The genisis for digging up this old cookbook and preparing a dish came from Meg at I Heart Bacon. She’s hosting a Virtual 40′s-70′s Party, neat huh? In true Biggles tradition, I found a cookbook I liked from 1909, not anywhere close to the 1940s or the 1970s. This is how I follow directions, only to a point. I opened it up right to the meat section and found something that interested me, Steak à la Bordelaise. I read through the ingredients and in typical boy fashion, figured I knew how it all went together. The way I figured, the steak was to simmer in the sauce, nope. I had it wrong, a good wrong though.
A little backtracking if I may? After deciding on the recipe, I leafed through the book just to see what the scoop was. I inherited the book from my grandmother a million years ago. Sure I’ve glanced at it, but never sat down for an hour or more and poured through it. Turns out it’s two books, Household Discoveries & Mrs. Curtis’s Cook Book. It was published by Success Company and not available in stores, only through salespeople & directly from the publisher. In one of the opening pages they even offer to pay the general public One Cent a Word for anything submitted and used. I thought that was pretty nice of them, eh? As near as I can tell, this book would have been given to a woman who was young enough to not have the skill set to manage a home, yet. The chapters are quite complete, it starts out with House Furnishing and Decorating, goes through Heating, Lighting and Refrigeration. There’s a chapter that describes what you should be doing throughout the day and exactly when to do it. There are chapters that spell out what each day should be about, Soap Making Day, Wash Day (blech), Ironing Day (a whole day?), Sewing and Mending Day, oh and my favorite Sweeping Day !!! The chapters go on for 744 pages, that’s a fair amount just so you know. There are a few really gorgeous color prints, but mostly funky black type.
The second book is the cookbook, Mrs. Curtis’s Cookbook. I wonder what her first name is? The more I read, the more in love with this book I become. The detail these people went in to, the time it took to make sure EVERYTHING was done perfectly is amazing. I like the part where instead of tsp or TBLS, they use teaspoonful and tablespoonful. I’m going to do that on Meathenge from now on, I call it first!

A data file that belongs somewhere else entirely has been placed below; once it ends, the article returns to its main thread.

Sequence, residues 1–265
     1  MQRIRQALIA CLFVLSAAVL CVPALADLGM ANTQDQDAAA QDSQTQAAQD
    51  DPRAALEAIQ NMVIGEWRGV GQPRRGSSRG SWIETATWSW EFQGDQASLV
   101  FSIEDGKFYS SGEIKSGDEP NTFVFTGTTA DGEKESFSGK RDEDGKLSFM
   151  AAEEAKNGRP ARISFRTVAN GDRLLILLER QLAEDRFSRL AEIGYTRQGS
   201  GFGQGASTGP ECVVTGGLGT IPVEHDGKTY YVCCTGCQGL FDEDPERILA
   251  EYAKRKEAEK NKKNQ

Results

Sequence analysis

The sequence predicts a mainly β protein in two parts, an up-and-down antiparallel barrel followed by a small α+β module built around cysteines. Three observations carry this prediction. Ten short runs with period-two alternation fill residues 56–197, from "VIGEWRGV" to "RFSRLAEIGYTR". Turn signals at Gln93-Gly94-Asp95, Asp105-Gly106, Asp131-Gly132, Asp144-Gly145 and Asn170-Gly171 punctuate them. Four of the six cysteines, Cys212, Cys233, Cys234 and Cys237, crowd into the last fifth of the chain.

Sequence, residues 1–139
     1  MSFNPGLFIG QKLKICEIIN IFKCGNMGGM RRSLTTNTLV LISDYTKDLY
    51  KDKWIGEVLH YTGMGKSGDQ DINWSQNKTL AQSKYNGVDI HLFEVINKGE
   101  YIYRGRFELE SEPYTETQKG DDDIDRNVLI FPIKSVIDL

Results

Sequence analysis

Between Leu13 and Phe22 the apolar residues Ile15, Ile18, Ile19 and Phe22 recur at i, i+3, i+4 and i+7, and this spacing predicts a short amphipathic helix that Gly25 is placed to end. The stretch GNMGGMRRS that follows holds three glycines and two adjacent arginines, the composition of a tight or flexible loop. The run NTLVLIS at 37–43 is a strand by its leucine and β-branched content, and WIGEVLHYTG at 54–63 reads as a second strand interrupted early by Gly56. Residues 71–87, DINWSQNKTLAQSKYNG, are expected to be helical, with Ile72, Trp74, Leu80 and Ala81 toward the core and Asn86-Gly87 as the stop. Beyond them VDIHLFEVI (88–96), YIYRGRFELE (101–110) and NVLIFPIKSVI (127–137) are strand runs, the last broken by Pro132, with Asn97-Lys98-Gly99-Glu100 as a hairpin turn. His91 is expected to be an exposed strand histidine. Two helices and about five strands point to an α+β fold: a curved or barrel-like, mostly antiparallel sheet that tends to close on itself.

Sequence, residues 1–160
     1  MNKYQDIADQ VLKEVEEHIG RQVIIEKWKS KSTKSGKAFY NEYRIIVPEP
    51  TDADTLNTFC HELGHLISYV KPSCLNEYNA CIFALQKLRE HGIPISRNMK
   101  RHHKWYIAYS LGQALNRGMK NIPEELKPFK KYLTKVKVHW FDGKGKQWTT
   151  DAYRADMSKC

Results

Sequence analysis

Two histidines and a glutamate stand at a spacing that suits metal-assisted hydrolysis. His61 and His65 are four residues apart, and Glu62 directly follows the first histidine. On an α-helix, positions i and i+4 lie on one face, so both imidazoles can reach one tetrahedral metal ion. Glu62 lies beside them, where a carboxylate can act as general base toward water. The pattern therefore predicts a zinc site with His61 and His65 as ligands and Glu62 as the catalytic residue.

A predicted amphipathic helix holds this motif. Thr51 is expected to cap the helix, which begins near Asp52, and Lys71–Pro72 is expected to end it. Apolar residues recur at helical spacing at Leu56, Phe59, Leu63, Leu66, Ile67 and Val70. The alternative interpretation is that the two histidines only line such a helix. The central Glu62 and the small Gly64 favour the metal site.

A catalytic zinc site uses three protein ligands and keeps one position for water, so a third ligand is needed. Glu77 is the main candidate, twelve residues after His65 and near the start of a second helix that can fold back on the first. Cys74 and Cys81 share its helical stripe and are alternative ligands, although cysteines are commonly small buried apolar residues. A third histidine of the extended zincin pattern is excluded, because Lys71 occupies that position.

The Steak à la Bordelaise looked simple with just a few ingredients. In fact, most of the recipes are like that. Remember, in 1909 you were had to buy local and really driven by the seasons. Most people used ice for refrigeration or bought fresh each day. What a concept, doesn’t sound too bad to me. Unless you run out of ice, then it would really suck. The recipe right above was something called Hamburg Steak. Hey, that sounds familiar. Check this out:
Hamburg Steak (yes, I’ll get to the recipe I cooked soon enough, shaddup)
Two pounds round beef chopped fine; press it into a flat steak, sprinkle with salt and pepper and a little onion juice (very cool); flour lightly, and broil as beefsteak. Make a brown gravy with a little soup stock, thicken with flour, and pour around the steak.
I’ll save this recipe for the weekend. Okay, finally I’ll shut up and send forth the recipe in question.
Steak à la Bordelaise
1 sirloin steak
2 tablespoonfuls butter
2 tablespoonfuls flour
2 cupfuls beef stock
2 tablespoonfuls chopped raw ham (I used bacon)
1/2 bay leaf (fussy French)
1 tablespoonful tomato catsup (I used ketchup)
Salt & Pepper to taste
1/2 cupful finely chopped mushrooms
Brown the butter and flour, stir in the stock; when thick and smooth, add the ham, bay leaf, and onion. Cover and simmer gently for an hour, then strain. Add salt, pepper, catsup, and mushrooms, and keep hot at the side of the fire (I just let it rest to the side, I don’t have a fire). Broil a sirloin steak, arrange on a hot platter, and pour this sauce around it.
Yeah, okay when I first read it I thought the steak would have been cooked in the sauce. NO !
The prep time was barely 15 minutes. The cook time was probably about 1 hour and 20 minutes. Instead of broiling the steak, I opted for a high heat pan sear in a cast iron pan, kerPOW.
The sauce was so smooth, so rich and flavorful. The smoky pork along with the reduced beef stock was a perfect match. Even a day later Mama was remarking to a friend how good it tasted.
I think if I redid this, I would add a splash of red wine or juice from half a lemon. Other than that, this was a wonderful meal.